Friday, November 21, 2014

SQT: On Edel Monkeys, Grown-Up Dining, Four Year Old Shots, Snowvember, and Holy Cows







I'm going to Edel 2015! I think that sums up my first take quite nicely, and will avoid a post like this next year.


Maybe just a bit more on a quick Edel note. Jen mentioned on her blog that we could send in recordings of ourselves announcing that we were coming to Edel, but to be natural including background noise. Every time I went to record, my little people were so mesmerized by what I was doing that they were silent. (This gives me an idea - I should record things more often.) To get them to "act natural" I told them  mama needed to record something, but they should just play like my normal little monkeys. Enter monkey sounds. So...if you listen to Jen's radio show, you may have heard my little monkeys acting a fool. THAT, my friends, is normal. 



We've been very slowly getting the house back in order after the great flood of 2014, and part of that reorganization and redecoration has involved our dining room. I don't have a "before" picture because, well, it was just too embarrassing and borderline problematic. Here is our beautiful after, though. 



The table has six drawers, three on each side, which now store crayons for each of the kids, coloring books, prayer books as it is our morning prayer spot, napkins, and the fancy placemats when not in use. Aren't we all growned up?




There are new pieces up at the shop! Christmas cards (both print and digital format), new 8x10s, and ornaments (coming sometime today). Also in the works - a little something for the kitchen! 



As an added incentive to go take a look, from now until Thanksgiving, everything is 10% off with the code GIVETHANKS14.



Speaking of giving thanks, I am so thankful to be working for an organization that truly uses a holy lens to decide its direction, as well as the best fit for their employees. We've recently been going through a little upheaval with our staffing, and with great wisdom, the Board of Directors has restructured some of our positions to best fit the needs of the organization with our gifts/talents. I can't really think of any other organization I have worked for that has taken the time to do this, or views each employee as a gift to the organization worth working with to find a good fit. It is truly a blessing. 

With that, my position (as of Monday) will be changing to Director of Volunteer Services (and some other duties as assigned...as with any job). I'll get to focus on building up our volunteer base and creating a training for them, as well as taking the lead on the spiritual development of staff and residents. More importantly, I am able to hand off all supervisory and facility responsibilities to another person. A metric ton of stress just offloaded, and so much excitement about being able to use my gifts and passions to help grow the ministry and its program. So excited. Many things are still nebulous, but overall it is a tremendous gift.


My sweet firstborn is so very 4 years old. We just had her checkup today and she is almost 3 1/2 feet tall! It is clear she is lanky since all her pants are loose on the waist and short on the leg, but my goodness. At this rate, she will be taller than both of her grandmas very soon. She passed every test at the doc's with flying colors. As for the shots, while she went in with every intention of being strong and brave and not crying, I don't think her sweet mind wrapped itself around the fact that a mean old nurse would be sticking a sharp needle in her limbs. She was very brave in allowing them to give her some lollipops to make her feel better.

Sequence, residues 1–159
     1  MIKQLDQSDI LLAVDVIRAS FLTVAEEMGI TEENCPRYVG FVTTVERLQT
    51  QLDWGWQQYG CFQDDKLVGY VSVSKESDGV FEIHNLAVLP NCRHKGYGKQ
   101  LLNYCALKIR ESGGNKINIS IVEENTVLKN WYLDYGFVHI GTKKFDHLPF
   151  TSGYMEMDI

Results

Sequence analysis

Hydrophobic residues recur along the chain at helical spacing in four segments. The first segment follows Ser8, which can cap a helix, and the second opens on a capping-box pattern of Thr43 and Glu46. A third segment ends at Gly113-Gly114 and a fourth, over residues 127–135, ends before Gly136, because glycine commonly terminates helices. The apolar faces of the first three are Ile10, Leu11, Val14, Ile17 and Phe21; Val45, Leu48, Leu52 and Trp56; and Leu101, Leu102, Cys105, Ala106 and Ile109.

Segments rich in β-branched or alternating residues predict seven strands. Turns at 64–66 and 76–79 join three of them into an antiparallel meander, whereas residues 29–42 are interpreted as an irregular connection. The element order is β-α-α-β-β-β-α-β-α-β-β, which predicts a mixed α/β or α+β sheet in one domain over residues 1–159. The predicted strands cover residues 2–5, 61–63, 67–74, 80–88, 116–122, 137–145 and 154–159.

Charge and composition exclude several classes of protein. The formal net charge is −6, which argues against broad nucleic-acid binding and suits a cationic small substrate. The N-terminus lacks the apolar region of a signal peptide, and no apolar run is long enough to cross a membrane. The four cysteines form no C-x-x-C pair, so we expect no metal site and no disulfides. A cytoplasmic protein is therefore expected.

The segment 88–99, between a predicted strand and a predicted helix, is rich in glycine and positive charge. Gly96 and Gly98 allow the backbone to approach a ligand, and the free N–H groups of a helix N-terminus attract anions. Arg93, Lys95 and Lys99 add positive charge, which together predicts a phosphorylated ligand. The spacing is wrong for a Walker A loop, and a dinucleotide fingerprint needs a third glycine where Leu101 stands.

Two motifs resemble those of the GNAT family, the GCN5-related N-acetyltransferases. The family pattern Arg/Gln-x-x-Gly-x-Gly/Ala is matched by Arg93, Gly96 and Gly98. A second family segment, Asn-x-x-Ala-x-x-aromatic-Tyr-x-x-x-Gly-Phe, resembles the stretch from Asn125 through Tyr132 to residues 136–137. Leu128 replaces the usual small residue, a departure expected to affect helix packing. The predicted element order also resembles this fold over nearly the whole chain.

Gia is also beginning to read - she has picked up the habit like a sponge, and tries to sound out every little combination of letters she sees. Even acronyms. She knows how to tell time on a digital clock and is obsessed with it. I am not exaggerating. She is OBSESSED with time and alarms. It's a little unhealthy. No, really. She does love her numbers so who knows - maybe there is a budding coder or accountant in there somewhere. Or a clockmaker. Gia has just been blossoming at school and I just cannot believe that only four years ago she was small enough to carry on my chest. Now she has to wrap her legs around me or they may as well walk her where she is going. 


Holy global freezing, Batman! Now, I'm not complaining, lest my friends in Buffalo or the western side of the state hurl a few snowballs my way, but BRRR! I know, I know, I've seen the meme - I live in a state shaped like a piece of winter apparel. It's just so ... early ... for this already. This from the girl whose Halloween costumes were fashioned around the ability to wear them over a puffy winter coat and snowpants because she grew in Iowa, and yeah, Halloween = snow. It's a whole new ballgame when you have to get kids up and ready to go to school in this. I was absolutely unprepared, which makes this "J" very uneasy. Very, very uneasy. Thankfully the boots from last year still fit and we have enough warmer clothes out and ready to make it through the two school day week. I sure hope all the snowboots aren't sold out already since apparently they are "back to school" items and not "the snow is coming" items. 



I've been working on a few more posts that give readers an idea of my life growing up and how a little Indian girl came to be devoutly Roman Catholic, because...kind of crazy, right? I don't have a St. Paul moment, no flat on the ground epiphanies, so the the story is a bit long and winding in nature. I also cannot restrain my inner Sophia and might have a lot of the "picture it - India 1960" moments...which ironically is where I begin. The first installment is up on the blog, and the next ones are coming. I'm a little stumped by my plan for the second installment, but I'm hoping it will be posted sometime in the coming week. The series is called "From Holy Cow to Holy Spirit." If you want a long story requiring some patience with the writer, check it out!